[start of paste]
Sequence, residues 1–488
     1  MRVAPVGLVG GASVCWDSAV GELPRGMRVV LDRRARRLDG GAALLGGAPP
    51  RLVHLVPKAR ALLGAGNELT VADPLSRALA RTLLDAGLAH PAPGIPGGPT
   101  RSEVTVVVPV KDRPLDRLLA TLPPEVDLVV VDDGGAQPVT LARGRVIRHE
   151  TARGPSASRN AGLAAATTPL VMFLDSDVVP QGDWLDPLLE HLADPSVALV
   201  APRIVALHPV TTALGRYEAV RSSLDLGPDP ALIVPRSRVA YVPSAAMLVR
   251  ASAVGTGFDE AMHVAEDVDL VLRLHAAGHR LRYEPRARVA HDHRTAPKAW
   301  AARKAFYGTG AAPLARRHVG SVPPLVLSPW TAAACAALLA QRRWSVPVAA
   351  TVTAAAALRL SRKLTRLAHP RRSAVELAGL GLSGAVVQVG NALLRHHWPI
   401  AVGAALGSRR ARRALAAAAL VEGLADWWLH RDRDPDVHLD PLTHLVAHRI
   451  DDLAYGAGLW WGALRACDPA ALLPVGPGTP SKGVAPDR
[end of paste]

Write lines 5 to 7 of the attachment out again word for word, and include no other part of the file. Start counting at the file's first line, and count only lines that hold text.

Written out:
   151  TARGPSASRN AGLAAATTPL VMFLDSDVVP QGDWLDPLLE HLADPSVALV
   201  APRIVALHPV TTALGRYEAV RSSLDLGPDP ALIVPRSRVA YVPSAAMLVR
   251  ASAVGTGFDE AMHVAEDVDL VLRLHAAGHR LRYEPRARVA HDHRTAPKAW